Interview with documentary photographer

Silvia Alessi


Beauty isn’t about having a pretty face. It is about having a pretty mind, a pretty heart, and most importantly a beautiful soul.


Interviewed by Apratim Saha
Photographs by Silvia Alessi

Silvia Alessi

Silvia Alessi

A 44-year-old hairstylist and makeup artist, started taking photographs during her travels in Asia since 2004 and developed a passion for another kind of photography through which she tells stories in a different way using staged portraits and visual contrasts. The most important experiences were those in Arunachal Pradesh, West Papua and Afghanistan.

In her first project, Skin, where she portrayed fusion of the Indian albino people with acid attacked women. Her second project, Beyond the Line, portrays the scars of Peshmerga soldiers in their everyday life. She also portrayed some of the female soldiers in full war uniform along with a homosexual boy dressed in a tulle skirt, inside a military base in Northern Iraq. 

In this interview for Exposure, Silvia had a chat with our founder & editor-in-chief Apratim about her journey of photography.

1. Let’s start from the beginning. Being a makeup artist and hairdresser what drives you into photography?

I started taking photographs because I always loved travelling during the summer holidays. My first photographs were the classic travel photographs: faraway countries, beautiful people around the world. Over the time I developed a new and deeper research that led me to get interested in the social issues underlying stories worthy of being told, where the person portrayed had the greatest importance. In approach to the posed portrait, the aesthetic aspect of my work has played a fundamental role. I like to make up and comb the subjects I portray, touching them allows me to enter into a special relationship with them so that I can feel free while talking with them about everything. I also take great care of the composition of the photo, I feel that my kind of work has helped me a lot from this point of view.

2. So, you travel with Roberto, your life companion, all around the world. While travelling by Indian railway you took one portrait of an albino girl Namira accidently, then you hunted down her in a city of 21 million inhabitants, Mumbai. This is how your ‘Skin’ project has been started, tell me more about this.

Skin Project is my first actual photographic project. It came after many years of travelling Afghanistan, Papua which made me improve my technique and approach technique towards people but it was the first project where I decided everything: where to go, what to portray, whom to portray, what stories to tell. Namira and her angelic beauty, the whiteness of her skin, had captured me such an extent that led me to say: “I want to find her!”

The enormous difficulties that an albino face, convinced me that our skin is the main cause of discrimination.

3. Albinism is a congenital disorder and there are albinos all over the world. Why haven’t you clicked albino people from other countries also to continue this project? 

I wanted to continue looking for albino people all over the world. Let me tell you a fascinating incident about a child in Iraq. These kind of people make my grey matter lively. They are extremely shy and are afraid of being mocked. Thinking about them, I dismissed the idea of continuing the research because I was frequently overwhelmed by the challenging ideas. But it is not excluded from my mind and heart, I may resume the project in other countries.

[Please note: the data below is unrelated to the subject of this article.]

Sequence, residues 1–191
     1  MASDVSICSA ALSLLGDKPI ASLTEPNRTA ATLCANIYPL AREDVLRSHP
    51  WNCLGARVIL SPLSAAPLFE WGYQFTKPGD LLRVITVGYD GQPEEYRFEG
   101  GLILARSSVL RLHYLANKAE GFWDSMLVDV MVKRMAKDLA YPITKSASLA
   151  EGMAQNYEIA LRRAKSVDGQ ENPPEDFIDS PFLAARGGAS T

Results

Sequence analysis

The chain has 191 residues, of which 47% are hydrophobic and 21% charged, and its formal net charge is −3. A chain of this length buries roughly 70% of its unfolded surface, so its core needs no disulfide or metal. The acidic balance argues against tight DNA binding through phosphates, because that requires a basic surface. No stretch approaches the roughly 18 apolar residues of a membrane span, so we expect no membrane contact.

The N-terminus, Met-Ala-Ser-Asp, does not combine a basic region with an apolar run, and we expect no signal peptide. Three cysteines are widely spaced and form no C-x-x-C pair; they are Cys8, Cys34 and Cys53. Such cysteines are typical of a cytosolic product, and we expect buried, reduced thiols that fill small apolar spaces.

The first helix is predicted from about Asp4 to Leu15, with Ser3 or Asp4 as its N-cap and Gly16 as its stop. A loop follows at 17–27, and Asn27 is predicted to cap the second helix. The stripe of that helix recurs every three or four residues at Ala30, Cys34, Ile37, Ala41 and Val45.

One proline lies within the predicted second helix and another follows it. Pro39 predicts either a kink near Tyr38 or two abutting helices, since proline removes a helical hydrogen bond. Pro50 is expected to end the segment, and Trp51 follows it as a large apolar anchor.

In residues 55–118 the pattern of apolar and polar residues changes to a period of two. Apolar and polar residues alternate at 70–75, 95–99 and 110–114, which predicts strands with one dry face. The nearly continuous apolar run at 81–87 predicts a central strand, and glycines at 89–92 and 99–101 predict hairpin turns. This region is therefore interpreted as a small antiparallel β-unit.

4. I’m more interested in your work on the victims of acid attacks. Normally these kinds of acid attacks arise out of the rejection of unwanted male attention, disgruntled fathers, disenchanted lovers, jealous colleagues or those who are seeking revenge against a family. Why it became so important to you that you decided to continue your skin project with acid attacked women?

Reflecting on the skin as a source of discrimination, I came across several women, whose lives were severely scathed by acid. Those who commit this heinous crime and want to destroy the existence of women from society, I want to condemn them to civilian death. I wanted to portray albino people and acid scarred women together to induce people to reflect a strong visual contrast. Meeting those women made me a strong woman. I learned a lot from them, for example- they don’t want to be called victims but survivors. And this thing means a lot. It means that for the very first time a new generation of women want to make their voices loud and clear against this heinous and widespread crime.

5. How did you find out those women? 

In this research, I followed two paths.In New Delhi, I entrusted myself to a friend who helped me to find contacts and to overcome the difficulties of relationship and distrust and in Agra, I frequented the “Sheroes Hangout” café for a few days, where only acid-scarred women work. They have allowed me to portray them with a great simplicity. The shot that struck me the most while I was preparing to portray Shabnam. Suddenly her daughter ran to kiss her. I could not help but captured that moment of spontaneous and radiant happiness that overcame all adversities.

6. In portrait photography, the relationship between the photographer and the subject is very important. How do you approach that dynamic personally?

I don’t know how, but it’s easy for me to put people at ease. I have a very easy and playful approach because I am used to work with people and to take care of them. When I first meet my subjects, I never shoot them. I always spend time with them. Usually the first day I don’t shoot at all.

7. This insanity of social violence of men has been increased in the Indian subcontinent for the past decades. Do you have any personal message that you want to convey through this project?

I define myself as an artistic photographer, and as such, I do not try to convey messages, rather visions. I like to create images that can provoke some reactions among the viewers. Certainly, the images of the scarred women speak a lot, they tell about the pain and the marginalization and an awful injustice committed towards women. I really appreciate their courage that they wanted to be portrayed, just to bring in light the awful crime of acid attack and the authorities need to tackle these incidents with more stringent laws.